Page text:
I used to love showing my dogs in conformation. In the beginning I went to the dog show just for fun and to spend time with my pet. I attended handling classes every week for many years. I went to handling seminars. I watched professional handlers and picked up tips. I went to UK and AU and watched how people there presented their Staffords I helped friends in other breeds to gain more experience. I showed to any judge without caring what they normally preferred because I was working on honing my own skills. My first show win I was told by other exhibitors that I won because I simply out handled them. It’s true. My dog was a pet. That is the point of this blog entry.
As time went on I became a lot pickier what I would walk into the ring with. I first stopped showing other peoples dogs if I didn’t think it could win BOB. Then I decided not to show dogs I had bred unless I felt they were worthy of a Specialty win under a Stafford breeder judge. I know where my dogs meet or fall from meeting our breed standard. I see all the nuances. I feel no need to ‘hide’ or ‘cover up’ faults I am not keen on just to win a ribbon or fake congratulations from other fanciers. It’s not important.
I feel strongly that unless you can dissect and see these faults and virtues in minute detail in your own dogs then you honestly have no business breeding. The exception is if you are working with mentors and you are learning still and if this is the case then you MUST have an open mind. You must be willing to see the issues pointed out to you, research those for yourself, determine whether or not they do exist and then work to change these faults in the future. None of that is done in a show ring.
In the show ring the best you can do is to understand how to present your exhibit to a judge who hopefully knows and understands the breed and how it relates to the written standard – and is willing to actually JUDGE to that standard. Most of the time the judge has 2 minutes to do that and many of them aren’t willing or able too. It seems it is easier for them to go with what they think is ‘safe’ and assume the professional handlers must have the best ones – right? That was in sarcasm font by the way.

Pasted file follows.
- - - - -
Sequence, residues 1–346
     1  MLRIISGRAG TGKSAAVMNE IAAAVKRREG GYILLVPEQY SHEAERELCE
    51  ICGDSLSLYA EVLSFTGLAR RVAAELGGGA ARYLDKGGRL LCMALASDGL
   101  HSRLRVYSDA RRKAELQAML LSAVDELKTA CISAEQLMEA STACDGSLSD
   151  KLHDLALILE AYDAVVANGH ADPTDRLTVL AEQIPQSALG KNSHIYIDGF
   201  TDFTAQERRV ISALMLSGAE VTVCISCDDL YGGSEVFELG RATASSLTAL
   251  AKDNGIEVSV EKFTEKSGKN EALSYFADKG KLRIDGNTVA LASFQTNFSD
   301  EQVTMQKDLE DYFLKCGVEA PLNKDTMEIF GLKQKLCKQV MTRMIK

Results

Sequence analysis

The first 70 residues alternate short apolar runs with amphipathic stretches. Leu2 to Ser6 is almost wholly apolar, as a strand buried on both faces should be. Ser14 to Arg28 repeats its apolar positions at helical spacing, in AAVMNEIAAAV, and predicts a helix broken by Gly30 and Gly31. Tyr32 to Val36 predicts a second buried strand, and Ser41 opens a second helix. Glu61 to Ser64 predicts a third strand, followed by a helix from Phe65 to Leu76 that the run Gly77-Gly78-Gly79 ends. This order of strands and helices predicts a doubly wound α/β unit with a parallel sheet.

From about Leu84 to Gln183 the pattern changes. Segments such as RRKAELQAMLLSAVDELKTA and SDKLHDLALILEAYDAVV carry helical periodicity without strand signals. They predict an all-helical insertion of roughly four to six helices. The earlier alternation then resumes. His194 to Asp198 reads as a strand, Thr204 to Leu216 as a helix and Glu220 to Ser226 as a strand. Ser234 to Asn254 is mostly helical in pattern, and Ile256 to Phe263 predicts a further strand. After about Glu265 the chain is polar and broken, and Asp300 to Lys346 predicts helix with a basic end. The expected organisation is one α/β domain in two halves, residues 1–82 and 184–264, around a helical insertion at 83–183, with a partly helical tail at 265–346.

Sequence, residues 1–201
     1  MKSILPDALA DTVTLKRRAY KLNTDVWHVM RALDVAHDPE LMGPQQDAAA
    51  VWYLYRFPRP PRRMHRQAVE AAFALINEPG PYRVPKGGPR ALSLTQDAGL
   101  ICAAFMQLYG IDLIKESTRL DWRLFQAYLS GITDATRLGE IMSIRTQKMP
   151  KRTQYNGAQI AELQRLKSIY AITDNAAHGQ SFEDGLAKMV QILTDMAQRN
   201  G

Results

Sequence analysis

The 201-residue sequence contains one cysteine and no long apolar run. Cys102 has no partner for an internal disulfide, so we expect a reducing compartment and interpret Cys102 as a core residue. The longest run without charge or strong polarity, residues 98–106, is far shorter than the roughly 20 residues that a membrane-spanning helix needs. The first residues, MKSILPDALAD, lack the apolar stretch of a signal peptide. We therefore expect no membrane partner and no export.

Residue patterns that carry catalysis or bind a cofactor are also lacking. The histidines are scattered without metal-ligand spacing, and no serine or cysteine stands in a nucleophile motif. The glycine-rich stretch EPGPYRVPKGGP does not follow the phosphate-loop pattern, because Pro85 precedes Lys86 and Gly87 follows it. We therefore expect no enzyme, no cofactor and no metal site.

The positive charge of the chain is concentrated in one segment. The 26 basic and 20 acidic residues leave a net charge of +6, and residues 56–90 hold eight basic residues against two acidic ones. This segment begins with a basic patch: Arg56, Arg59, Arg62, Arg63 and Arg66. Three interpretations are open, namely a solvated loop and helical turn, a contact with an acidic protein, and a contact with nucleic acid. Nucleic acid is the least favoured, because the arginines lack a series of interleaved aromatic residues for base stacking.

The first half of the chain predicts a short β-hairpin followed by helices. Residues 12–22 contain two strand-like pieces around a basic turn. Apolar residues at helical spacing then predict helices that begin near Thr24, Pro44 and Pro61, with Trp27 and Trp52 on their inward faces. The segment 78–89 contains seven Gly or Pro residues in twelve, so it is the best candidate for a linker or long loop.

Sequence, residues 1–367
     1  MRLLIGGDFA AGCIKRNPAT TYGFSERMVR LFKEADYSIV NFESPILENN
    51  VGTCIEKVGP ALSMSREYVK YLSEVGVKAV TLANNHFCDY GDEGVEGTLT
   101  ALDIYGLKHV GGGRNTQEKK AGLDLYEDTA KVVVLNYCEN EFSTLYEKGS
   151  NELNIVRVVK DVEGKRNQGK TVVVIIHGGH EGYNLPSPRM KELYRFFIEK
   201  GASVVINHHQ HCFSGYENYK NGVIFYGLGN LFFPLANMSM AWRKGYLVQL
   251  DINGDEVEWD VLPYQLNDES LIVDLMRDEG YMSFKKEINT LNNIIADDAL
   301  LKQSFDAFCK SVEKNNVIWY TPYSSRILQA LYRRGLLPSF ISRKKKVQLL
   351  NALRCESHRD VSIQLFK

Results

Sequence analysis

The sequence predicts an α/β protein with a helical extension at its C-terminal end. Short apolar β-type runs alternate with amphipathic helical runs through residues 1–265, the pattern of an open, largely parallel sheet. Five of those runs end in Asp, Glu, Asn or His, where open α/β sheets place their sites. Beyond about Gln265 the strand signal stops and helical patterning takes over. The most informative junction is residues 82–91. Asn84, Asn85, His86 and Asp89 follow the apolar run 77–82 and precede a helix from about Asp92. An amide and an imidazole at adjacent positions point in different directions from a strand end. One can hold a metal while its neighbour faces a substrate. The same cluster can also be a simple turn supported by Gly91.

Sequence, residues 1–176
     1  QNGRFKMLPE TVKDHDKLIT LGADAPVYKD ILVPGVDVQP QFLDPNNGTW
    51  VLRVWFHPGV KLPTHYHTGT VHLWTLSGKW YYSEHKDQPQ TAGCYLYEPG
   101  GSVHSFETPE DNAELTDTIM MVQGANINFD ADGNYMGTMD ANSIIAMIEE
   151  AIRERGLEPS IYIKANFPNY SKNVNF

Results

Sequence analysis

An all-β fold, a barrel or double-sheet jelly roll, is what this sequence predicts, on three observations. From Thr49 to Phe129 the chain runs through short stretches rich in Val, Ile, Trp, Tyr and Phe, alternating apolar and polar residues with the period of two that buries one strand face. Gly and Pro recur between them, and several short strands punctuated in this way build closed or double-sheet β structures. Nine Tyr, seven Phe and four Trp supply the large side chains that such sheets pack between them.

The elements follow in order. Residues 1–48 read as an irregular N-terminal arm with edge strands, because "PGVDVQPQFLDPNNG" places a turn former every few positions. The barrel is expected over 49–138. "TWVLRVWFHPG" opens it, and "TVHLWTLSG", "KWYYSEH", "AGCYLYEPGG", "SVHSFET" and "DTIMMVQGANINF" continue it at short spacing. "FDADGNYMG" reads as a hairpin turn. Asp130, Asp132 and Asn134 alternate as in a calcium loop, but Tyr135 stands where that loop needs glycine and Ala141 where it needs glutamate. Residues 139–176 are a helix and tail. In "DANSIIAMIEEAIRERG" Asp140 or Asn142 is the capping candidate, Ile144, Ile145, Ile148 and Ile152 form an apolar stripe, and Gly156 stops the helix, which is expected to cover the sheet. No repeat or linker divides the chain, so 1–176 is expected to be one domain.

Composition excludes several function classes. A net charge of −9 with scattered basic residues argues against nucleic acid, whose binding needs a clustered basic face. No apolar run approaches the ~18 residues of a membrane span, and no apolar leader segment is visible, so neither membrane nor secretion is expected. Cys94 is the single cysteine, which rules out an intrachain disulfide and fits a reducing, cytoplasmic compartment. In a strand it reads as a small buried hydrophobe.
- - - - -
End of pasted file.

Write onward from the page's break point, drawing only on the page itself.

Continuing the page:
There are times when a handler has a good dog. Sometimes it could be the best dog in the show ring. Many times it is not. There are other breeders like myself who only present their very best. Its not often these dogs are rewarded on a consistent basis. Oftentimes they are overlooked for handlers dogs. Handlers have a lot of skills. They get to practice 4-5 days a week all year long. They are skilled at showing statues and generic movement and flashy handling – ever see them hold the end of a long lead by two fingers while the dog stands perfectly still at the end of it? Looks so pretty doesn’t it. But…..how does that meet that dogs standard? Maybe it does. Maybe not. Maybe it’s just pretty.
Many of us serious Stafford breeders are growing weary of wasting our time, energy, education, and money on bringing good dogs into the ring. I personally have attended shows and looked around seeing a couple very competitive dogs and (wrongly as it turns out) thinking – that’s my competition – and more than that – that’s a dog to follow and he could be a good prospect to keep up my high standards in my breeding plans…..but most judges won’t find these superior dogs. They seem blinded by flash.